This weekend our bus got tagged with some pretty blue spray paint. Although it was very artistic, I felt kind of strange driving around with the words "Blood Killer" big and bold written on the bus, so we spent a lot of time scrubbing today. As I scrubbed I started reflecting on all the words that bus has held inside of it:
“I was born ready for my birthday!”
“Is today yesterday or today?”
“The reason why I don’t want to get to be a man is because mans start to get hair growing out their nose and ears and it’s nasty.”
The working definition of “drama queen”: Someone who is always like, “Ugh, I need new shoes.”
Oh look we’re almost to my house.
Which one is it?
Oh it’s the one right there next to my neighbors house.
Wow! All my neighbors live by me too!
But this one conversation continues to stand out:
Markel H.: Do you play with toys in your office?
Kalie: Not usually.
Markel H.: Oh, do you do computer stuff then?
Kalie: Yeah, a lot of computer stuff and talking to people.
Markel H.: Well, at other schools the principal doesn’t drive the bus they have other people who are the bus drivers.
Kalie: That’s true, but I like to drive the bus because it saves our school money so we can go on field trips and eat healthy food and things like that.
Markiel C.: I have $10 I can bring so we can have some more money!
Kalie: That’s so sweet Markiel.
Markiel C: Well that way we can have a bus driver and you can stay at school sometimes and get your work done.
As I look back at a bus full of kids each day, I think often of Jesus’ words about needing to be like a child to enter the kingdom of Heaven. Today it struck me hard that kids are fearless in believing the best about what’s to come and confident that their resources are more than enough to change the world. I brushed off Markiel’s offer to bring $10 because well, it’s only $10. He doesn’t understand that $10 is such a small percentage of what it will take to run a school long term. He doesn’t get that $10 won’t put a dent in a bus drivers salary. He doesn’t get that $10 is insignificant.
But then it hit me. God could care less about what percentage of the end goal my gift is, He doesn’t care about the dent I think my gift can make in solving a problem, He can make the insignificant more than enough.
I dismissed Markiel’s $10 contribution as simply cute and I think God saw it as more than enough.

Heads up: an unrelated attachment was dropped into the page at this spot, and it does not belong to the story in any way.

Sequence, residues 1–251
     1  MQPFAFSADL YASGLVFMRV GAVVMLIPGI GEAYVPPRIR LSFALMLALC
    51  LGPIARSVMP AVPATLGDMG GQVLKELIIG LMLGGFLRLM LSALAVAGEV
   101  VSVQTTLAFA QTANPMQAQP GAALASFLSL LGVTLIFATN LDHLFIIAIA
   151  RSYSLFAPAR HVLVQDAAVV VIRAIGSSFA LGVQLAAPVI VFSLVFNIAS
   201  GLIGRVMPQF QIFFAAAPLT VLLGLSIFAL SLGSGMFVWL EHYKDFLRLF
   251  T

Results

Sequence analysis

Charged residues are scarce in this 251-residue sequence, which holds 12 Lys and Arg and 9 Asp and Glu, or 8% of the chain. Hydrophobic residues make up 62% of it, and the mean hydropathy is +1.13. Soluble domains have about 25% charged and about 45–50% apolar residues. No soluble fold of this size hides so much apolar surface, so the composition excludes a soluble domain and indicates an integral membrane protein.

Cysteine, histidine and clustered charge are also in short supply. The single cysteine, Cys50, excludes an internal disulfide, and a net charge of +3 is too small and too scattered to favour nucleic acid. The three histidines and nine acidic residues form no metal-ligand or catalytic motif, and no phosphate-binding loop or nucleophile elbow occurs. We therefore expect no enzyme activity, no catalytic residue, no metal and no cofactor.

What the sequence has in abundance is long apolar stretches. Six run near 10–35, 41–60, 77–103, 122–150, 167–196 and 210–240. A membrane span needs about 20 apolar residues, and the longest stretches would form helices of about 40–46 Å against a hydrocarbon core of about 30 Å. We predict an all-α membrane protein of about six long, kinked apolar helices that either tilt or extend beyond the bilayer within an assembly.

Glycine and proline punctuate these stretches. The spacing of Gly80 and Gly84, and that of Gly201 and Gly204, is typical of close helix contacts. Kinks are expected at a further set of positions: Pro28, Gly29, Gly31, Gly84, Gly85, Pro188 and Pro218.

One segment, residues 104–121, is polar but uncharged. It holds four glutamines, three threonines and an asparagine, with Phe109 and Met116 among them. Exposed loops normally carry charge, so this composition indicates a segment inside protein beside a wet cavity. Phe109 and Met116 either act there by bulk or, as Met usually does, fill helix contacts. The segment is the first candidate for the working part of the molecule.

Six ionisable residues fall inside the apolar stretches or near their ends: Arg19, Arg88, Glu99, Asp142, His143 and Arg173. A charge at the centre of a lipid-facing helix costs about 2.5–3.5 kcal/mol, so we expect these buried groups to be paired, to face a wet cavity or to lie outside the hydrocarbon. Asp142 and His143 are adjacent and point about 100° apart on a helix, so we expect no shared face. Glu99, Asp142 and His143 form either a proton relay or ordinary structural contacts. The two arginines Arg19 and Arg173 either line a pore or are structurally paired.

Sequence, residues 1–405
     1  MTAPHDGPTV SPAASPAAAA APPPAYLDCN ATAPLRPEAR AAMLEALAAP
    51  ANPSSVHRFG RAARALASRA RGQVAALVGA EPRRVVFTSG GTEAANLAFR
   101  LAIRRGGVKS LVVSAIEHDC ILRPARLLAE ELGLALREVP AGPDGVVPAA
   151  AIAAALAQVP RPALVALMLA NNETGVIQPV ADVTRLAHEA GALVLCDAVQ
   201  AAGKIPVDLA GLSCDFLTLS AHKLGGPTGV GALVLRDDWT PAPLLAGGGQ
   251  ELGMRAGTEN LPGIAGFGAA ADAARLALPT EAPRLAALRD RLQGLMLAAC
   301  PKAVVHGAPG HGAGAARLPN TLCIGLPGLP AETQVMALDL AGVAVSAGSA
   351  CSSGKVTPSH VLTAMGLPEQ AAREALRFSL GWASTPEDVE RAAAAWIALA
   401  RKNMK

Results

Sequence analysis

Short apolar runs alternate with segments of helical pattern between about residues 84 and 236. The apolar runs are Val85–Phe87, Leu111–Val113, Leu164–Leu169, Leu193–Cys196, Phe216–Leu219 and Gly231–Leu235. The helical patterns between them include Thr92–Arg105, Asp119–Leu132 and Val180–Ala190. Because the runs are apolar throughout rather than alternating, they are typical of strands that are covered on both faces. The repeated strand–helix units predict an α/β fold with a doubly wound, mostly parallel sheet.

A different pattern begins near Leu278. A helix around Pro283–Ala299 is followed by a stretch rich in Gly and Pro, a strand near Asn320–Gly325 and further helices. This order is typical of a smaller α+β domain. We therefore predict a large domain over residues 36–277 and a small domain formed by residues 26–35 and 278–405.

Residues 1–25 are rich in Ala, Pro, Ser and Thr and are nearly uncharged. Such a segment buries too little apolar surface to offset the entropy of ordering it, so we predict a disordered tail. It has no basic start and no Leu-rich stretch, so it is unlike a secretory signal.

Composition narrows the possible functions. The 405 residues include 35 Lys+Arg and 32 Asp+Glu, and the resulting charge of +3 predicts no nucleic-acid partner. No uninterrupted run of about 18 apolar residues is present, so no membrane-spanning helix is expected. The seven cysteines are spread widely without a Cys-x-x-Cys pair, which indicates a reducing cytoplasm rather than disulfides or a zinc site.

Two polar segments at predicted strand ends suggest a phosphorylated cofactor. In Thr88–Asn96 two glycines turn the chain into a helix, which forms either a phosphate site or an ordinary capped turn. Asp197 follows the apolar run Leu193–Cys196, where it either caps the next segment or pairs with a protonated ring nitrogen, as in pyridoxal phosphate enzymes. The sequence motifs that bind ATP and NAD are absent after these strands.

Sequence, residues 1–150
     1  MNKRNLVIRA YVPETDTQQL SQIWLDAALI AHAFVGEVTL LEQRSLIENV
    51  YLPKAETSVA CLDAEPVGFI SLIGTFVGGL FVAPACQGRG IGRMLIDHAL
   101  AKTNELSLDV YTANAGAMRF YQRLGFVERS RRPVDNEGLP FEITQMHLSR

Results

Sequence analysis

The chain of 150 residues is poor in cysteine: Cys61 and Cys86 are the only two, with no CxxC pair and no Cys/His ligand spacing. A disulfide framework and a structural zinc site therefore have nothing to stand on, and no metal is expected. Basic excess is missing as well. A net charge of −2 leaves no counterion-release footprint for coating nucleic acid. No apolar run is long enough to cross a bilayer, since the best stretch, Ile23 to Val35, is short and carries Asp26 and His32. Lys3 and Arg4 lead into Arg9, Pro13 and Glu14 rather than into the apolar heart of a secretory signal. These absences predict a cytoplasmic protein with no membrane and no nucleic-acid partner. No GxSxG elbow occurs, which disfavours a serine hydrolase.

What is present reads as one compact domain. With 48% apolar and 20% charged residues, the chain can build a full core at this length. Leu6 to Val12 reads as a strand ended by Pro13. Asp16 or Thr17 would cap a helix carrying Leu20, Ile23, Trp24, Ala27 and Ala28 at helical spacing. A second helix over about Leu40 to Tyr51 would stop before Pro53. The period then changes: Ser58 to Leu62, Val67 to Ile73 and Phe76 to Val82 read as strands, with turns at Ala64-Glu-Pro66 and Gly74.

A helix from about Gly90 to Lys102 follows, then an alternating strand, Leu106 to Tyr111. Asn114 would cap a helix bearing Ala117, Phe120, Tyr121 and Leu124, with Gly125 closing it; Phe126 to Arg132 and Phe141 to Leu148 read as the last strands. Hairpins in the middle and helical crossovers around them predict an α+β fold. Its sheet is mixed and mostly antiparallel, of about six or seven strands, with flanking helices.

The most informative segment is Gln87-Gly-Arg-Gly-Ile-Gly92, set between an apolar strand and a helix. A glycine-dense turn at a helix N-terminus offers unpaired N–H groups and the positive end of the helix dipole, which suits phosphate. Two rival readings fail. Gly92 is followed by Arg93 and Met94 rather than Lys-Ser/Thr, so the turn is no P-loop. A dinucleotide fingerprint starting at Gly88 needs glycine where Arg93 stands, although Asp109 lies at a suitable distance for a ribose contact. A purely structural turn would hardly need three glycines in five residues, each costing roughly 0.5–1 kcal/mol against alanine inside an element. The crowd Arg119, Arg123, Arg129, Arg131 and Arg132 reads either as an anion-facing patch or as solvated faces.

As humans we’re good at dismissing resources because we don’t believe they are enough. I think often of Moses at the burning bush, a hot mess, scared, confused, with nothing but a stick and God asked, “what’s in your hand?” A stick. God took a stick and used it to show His power to a man who thought he was the most powerful. God took a stick and used it to part open the sea. God took a stick and used it to bring water from a rock. God took a stick with a bronze snake attached to it to heal His people from the poison of snake bites. The truth is, it was never the stick bringing forth the miracles, it was the God who created the stick. Nothing is too small or insignificant when it’s placed in God’s hands. Not sticks, not Markiel’s $10, not your life, nothing is too small.
We’ve written about this over and over again. I keep being amazed how God takes the most insignificant of things and ushers in His kingdom in and through them.
I’ll be transparent about something, fundraising. I know for some of you, you saw the $ and knew exactly where these words were leading you. I used to get so sweaty thinking of that. I fight this battle inside, knowing that we need money for UCA to exist and that money is nestled in your pockets…so how do we have an objective conversation about your investment that doesn’t heap guilt on you or put pressure on me? It’s tricky, huh?
Here’s where we’ve landed. We don’t need your money. We have Markiel’s. But we want your heart to experience the overwhelming beauty of becoming an active participant in God’s grand story of redemption by surrendering the resources He has given you to steward. We never ask ourselves what we want from you but instead what we want for you. We want to stand beside you as you throw in your stick or $10 or 1 hour a week and watch God do more than we could ever imagine with it. It’s been a thrilling ride to do that alongside so many of you as you've invested in UCA and other Kingdom ministries.
God doesn’t want your money, He wants your heart, but for most of us money paves the road that leads to our hearts. I think as Markiel hands over his $10 he enters into the story of the Kingdom of God, he doesn't balk because it’s not much, his head is held high knowing that He is a part of something bigger than him. I stopped to take a picture of his face (at a stoplight of course!) because of the hope in his eyes. His child like faith allows him to trust God to be God while relishing in the joy of being a part of the grand story. I pray that as you steward your resources your eyes sparkle with hope and joy.
I’m constantly reminded that these scholars are not just future leaders that will teach us and lead when they are all grown-up, but these kids are leading now. They are leading the way towards reckless generosity, unstoppable compassion, and unshakeable faith. I’m lucky to be learning from some of the best humans I know.
If you're interested in using your resources to join the UCA story, click here to donate.